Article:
The drive from Delaware to Saint-Alphonse Rodriguez, Quebec took two days. Our first day’s destination was the Lake George Battlefield Park, in Lake George, NY. We arrived literally right behind another member of the group. Following tradition, we ate at Adirondack Brewery, a short walk away from the campground. The next morning, we ate breakfast at the Hot Biscuit Diner in Ticonderoga, NY. Despite having his own breakfast, Alex decided Jess’ biscuits and sausage gravy looked tasty and needed two spoons to get it into his mouth fast enough. Another bonus of the route that we took from Lake George to Canada was the Ben and Jerry’s ice cream stop.
We crossed into Canada at the I-89 border crossing. As we approached the crossing we realized we didn’t know what lane to chose. Looking at the pictures on the signs (since all the writing was in French. Quebec, perhaps you are ignoring Canada’s dual language law?), we determined we were not a bus and not a car. But what were we? We selected the lane that looked the most like us, which had a truck shaped picture above it.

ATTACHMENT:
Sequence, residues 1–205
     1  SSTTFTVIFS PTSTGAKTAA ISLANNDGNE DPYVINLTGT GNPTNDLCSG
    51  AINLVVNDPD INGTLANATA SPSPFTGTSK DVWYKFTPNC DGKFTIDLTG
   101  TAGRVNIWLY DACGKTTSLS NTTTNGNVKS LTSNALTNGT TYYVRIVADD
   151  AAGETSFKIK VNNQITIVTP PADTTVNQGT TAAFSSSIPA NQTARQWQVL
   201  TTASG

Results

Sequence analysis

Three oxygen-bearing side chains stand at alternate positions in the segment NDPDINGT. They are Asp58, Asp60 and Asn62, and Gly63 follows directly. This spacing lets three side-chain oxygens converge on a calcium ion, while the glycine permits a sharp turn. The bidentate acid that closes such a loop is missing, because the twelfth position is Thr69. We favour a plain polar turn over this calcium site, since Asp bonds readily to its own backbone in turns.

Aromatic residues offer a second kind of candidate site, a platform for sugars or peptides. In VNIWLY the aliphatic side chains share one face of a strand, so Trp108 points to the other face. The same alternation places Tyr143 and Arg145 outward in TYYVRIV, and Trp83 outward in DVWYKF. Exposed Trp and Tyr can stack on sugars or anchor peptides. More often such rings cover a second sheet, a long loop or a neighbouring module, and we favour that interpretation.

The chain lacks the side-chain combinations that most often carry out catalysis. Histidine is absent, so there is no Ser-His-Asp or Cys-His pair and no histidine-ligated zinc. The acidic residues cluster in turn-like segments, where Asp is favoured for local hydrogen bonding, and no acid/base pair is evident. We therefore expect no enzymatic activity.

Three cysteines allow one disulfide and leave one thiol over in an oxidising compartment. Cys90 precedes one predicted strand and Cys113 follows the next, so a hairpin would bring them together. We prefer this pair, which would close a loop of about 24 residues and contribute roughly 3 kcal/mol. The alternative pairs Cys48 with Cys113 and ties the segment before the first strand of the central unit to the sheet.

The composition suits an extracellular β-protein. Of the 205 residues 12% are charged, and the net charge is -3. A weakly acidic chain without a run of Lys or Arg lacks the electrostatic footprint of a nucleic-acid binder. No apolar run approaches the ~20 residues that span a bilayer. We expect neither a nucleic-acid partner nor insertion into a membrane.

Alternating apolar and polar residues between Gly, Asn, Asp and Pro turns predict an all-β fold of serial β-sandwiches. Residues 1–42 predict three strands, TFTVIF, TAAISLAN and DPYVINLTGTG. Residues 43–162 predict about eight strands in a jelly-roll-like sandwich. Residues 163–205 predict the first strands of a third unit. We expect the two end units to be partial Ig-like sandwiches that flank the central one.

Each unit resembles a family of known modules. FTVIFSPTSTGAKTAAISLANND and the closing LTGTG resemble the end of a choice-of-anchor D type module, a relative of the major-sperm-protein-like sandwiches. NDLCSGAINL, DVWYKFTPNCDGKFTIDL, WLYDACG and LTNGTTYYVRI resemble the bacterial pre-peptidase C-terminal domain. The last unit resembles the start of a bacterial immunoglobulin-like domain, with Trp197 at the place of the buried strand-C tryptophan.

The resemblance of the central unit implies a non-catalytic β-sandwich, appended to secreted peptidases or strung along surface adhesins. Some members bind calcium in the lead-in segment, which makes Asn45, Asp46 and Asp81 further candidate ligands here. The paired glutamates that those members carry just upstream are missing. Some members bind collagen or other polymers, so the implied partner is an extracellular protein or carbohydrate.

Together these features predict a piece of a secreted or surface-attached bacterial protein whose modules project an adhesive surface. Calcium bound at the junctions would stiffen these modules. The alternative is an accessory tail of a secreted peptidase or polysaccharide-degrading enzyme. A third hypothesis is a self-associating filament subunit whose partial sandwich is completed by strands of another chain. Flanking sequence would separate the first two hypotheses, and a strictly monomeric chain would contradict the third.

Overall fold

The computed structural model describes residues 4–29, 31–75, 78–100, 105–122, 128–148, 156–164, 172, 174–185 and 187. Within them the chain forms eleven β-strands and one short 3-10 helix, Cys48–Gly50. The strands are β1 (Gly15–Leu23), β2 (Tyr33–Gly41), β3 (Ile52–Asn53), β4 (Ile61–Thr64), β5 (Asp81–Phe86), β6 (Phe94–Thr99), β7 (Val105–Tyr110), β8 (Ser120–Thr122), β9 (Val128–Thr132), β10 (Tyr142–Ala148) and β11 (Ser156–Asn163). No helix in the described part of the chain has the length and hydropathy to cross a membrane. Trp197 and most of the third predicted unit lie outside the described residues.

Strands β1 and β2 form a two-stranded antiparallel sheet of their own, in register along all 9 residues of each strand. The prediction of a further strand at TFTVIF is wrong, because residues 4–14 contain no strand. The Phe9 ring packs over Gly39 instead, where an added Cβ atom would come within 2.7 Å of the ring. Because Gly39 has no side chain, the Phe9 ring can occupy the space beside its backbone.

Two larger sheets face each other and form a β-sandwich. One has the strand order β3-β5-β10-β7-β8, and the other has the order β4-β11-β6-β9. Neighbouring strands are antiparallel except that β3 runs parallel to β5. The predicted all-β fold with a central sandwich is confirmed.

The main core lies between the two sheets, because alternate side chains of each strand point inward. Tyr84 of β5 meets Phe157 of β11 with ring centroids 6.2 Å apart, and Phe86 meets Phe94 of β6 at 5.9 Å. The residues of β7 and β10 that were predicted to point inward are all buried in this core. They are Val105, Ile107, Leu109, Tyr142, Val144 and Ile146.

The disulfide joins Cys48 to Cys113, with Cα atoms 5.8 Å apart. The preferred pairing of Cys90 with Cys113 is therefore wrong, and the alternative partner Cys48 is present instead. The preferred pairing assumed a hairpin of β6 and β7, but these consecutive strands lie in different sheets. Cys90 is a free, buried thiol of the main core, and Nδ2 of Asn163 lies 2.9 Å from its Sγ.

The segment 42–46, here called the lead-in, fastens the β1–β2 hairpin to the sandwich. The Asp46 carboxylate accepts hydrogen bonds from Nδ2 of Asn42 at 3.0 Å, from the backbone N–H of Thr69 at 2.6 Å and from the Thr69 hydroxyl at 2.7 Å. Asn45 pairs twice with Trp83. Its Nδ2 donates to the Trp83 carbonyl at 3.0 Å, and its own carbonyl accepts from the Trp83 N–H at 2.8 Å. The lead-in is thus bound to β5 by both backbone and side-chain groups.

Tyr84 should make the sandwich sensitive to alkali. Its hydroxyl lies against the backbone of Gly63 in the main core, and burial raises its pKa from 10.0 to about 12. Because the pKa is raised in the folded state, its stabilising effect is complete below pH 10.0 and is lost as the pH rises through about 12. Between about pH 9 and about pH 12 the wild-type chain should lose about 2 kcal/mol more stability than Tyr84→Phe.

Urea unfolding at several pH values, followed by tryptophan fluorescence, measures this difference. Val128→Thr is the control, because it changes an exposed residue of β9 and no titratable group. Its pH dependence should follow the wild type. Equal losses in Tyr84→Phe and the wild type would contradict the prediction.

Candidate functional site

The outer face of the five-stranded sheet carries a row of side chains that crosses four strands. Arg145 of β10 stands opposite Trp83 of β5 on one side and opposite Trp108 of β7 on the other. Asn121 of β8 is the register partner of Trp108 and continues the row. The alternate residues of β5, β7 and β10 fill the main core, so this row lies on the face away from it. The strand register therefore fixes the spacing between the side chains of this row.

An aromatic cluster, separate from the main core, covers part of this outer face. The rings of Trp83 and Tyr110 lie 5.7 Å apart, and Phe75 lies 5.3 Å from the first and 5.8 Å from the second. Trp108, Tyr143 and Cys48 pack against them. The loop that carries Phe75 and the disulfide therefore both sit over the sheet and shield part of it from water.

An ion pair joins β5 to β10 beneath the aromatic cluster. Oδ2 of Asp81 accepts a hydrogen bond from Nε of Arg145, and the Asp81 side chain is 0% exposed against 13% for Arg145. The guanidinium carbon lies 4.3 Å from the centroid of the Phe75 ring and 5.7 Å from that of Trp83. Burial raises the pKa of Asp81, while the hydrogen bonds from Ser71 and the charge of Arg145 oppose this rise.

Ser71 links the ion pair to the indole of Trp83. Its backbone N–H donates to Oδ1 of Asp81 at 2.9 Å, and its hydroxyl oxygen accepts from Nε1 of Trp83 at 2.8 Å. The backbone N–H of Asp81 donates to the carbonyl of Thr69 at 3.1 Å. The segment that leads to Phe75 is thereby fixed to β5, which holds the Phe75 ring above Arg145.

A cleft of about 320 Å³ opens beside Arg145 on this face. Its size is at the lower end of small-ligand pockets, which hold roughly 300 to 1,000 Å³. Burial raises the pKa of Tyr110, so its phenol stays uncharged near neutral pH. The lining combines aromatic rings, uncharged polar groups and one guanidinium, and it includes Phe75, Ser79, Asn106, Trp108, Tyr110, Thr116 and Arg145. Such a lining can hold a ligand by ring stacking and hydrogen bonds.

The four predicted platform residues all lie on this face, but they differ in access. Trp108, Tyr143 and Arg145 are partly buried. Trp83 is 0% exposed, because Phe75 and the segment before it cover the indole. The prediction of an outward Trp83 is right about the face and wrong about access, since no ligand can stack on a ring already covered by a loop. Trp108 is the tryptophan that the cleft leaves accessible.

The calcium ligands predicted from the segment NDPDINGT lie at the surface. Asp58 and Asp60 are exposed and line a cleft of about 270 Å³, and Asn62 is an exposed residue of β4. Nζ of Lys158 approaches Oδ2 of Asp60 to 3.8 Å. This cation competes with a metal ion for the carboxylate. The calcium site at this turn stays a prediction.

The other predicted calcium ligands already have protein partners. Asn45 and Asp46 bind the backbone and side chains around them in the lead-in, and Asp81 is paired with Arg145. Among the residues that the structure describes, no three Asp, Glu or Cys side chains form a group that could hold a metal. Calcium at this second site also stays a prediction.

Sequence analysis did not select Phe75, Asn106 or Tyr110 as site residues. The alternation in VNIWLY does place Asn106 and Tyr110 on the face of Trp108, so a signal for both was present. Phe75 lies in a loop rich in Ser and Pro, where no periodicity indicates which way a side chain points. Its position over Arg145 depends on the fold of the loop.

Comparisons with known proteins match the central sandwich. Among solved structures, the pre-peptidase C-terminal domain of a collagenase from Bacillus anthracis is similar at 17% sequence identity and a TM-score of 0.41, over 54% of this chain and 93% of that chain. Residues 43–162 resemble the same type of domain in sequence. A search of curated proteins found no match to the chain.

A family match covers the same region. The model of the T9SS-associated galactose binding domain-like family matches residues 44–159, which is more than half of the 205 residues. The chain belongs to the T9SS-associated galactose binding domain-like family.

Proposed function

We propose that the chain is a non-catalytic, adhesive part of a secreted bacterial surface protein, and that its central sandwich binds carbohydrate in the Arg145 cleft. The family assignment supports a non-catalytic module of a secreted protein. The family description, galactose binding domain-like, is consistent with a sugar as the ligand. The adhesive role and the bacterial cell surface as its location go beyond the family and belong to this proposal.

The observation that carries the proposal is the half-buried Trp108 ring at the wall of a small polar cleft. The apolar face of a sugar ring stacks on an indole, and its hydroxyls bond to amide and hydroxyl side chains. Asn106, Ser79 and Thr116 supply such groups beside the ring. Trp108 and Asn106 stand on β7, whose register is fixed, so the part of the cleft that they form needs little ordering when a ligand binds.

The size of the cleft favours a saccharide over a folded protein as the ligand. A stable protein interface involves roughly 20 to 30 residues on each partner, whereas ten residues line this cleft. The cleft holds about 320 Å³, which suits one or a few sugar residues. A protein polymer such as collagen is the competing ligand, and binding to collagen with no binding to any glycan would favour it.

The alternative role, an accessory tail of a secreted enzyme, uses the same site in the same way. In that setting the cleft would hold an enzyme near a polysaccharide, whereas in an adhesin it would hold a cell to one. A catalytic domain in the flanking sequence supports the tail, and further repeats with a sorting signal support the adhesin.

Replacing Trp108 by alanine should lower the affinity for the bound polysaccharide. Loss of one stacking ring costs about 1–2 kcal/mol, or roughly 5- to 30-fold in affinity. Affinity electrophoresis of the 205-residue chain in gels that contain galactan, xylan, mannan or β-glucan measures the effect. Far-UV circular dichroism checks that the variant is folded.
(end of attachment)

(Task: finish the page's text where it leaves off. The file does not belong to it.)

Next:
We pulled up to the booth and the border agent started speaking to us in French. Dave inquired if he spoke English, which the agent responded in the affirmative. He asked for our passports and Dave did not hear what he said. When Dave asked the agent to repeat himself, the agent inquired if we spoke English. Things were off to a good start.
The agent asked us if we were carrying any weapons (knives, guns, pepper spray). We had the bear spray in the RV from our Western trip and we declared that because the agent seemed like he would classify that as a weapon. The agent inquired, ‘For the spraying of bears?’. We bit our tongues and refrained from replying ‘Bears and snarky border crossing agents.’ Satisfied that bear spray was for protection from bears, the agent then asked us what our commercial load was. When we declared none, we received a lecture that we had used the commercial truck lane and were actually classified as a ‘minivan-camper’ and should always use the car lane. Well. Lesson learned. After a few more minutes of our tongue lashing, a real commercial truck pulled in behind us and the agent directed us on our way.